Medical equipment that can be manufactured at low cost, is simple to use and can be easily maintained will help extend surgery to the 5 billion people worldwide who currently cannot get access to it, say researchers.
Writing in the IEEE Journal of Translational Engineering in Health and Medicine, they argue that surgical technology is often developed for well-resourced healthcare systems — and is of little or no use in poorer settings where hospitals lack sophisticated support infrastructure or appropriately trained staff.
Without access to medical equipment they can use, hospitals and clinics in low-to-middle income countries cannot offer surgical treatment to nine out of ten patients.
An international research team led by the University of Leeds is calling for a focus on creating medical devices specifically for use in low-to-middle income countries. They have pioneered a development approach based on “participatory design,” where the users of the technology are closely involved in its design — and where functionality of the device is pared back to key essentials.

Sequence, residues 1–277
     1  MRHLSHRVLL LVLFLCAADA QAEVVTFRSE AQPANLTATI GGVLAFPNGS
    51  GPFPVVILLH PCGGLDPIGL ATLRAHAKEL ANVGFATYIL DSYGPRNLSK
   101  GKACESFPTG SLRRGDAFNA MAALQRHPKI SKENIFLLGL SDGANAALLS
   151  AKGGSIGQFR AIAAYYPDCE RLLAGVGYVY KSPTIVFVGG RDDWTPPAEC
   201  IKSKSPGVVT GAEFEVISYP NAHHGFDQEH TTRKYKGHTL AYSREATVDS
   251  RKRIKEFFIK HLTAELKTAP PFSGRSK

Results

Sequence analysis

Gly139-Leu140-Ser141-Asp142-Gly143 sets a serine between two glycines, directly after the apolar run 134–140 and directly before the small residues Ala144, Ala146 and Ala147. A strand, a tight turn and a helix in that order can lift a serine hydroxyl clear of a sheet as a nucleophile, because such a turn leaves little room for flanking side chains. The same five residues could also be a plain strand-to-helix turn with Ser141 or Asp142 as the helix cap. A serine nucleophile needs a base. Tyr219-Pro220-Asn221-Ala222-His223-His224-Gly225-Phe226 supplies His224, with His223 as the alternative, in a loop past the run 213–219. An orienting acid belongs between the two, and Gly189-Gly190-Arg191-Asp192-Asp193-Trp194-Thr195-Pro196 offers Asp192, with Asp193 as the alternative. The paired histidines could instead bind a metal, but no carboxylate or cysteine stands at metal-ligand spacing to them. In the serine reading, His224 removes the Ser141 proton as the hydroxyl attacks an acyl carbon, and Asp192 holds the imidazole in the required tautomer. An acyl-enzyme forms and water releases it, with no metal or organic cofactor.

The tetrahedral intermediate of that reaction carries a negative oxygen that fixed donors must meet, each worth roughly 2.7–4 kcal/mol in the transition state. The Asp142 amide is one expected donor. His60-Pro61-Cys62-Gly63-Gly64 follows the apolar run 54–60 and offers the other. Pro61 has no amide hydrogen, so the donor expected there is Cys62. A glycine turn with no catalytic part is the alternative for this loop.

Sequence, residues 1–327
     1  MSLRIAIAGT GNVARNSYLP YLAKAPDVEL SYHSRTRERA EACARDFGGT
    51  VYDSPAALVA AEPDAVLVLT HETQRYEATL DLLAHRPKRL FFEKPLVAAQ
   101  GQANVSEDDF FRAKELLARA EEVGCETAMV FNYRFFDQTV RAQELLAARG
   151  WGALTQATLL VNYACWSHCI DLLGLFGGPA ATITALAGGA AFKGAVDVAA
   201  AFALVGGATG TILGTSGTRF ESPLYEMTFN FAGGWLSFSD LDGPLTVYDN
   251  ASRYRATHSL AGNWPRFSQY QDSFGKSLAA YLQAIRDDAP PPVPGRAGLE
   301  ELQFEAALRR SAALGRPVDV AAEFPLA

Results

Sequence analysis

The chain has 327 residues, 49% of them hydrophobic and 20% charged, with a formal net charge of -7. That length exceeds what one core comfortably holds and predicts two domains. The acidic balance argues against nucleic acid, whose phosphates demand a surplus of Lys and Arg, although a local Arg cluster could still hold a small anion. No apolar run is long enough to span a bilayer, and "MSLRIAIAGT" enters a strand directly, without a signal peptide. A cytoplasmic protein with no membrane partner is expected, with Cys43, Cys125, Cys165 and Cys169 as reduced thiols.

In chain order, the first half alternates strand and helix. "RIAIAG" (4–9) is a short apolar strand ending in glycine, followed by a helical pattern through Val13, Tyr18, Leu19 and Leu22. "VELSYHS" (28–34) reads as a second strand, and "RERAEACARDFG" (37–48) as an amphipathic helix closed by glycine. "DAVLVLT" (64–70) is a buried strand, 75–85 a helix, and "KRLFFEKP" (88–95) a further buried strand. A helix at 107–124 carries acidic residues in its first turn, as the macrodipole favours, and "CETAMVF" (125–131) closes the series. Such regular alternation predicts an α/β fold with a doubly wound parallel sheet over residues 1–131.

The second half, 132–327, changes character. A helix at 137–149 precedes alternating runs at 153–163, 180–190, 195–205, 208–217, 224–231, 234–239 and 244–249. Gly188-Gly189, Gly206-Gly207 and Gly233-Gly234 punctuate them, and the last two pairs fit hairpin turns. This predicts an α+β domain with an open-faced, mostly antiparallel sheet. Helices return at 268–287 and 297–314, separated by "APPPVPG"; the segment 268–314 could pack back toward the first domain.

To demonstrate their approach, the researchers describe how they designed a simplified surgical tool for performing laparoscopic — or keyhole surgery — in low resource settings. The result is that laparoscopic surgery can now be carried out in clinics and hospitals where it was not possible before.
Dr Pete Culmer, Associate Professor in Healthcare Technologies at Leeds, who supervised the research, said: “Laparoscopic surgery has benefits for patients. People recover more quickly, and the risks of cross infection are lower.
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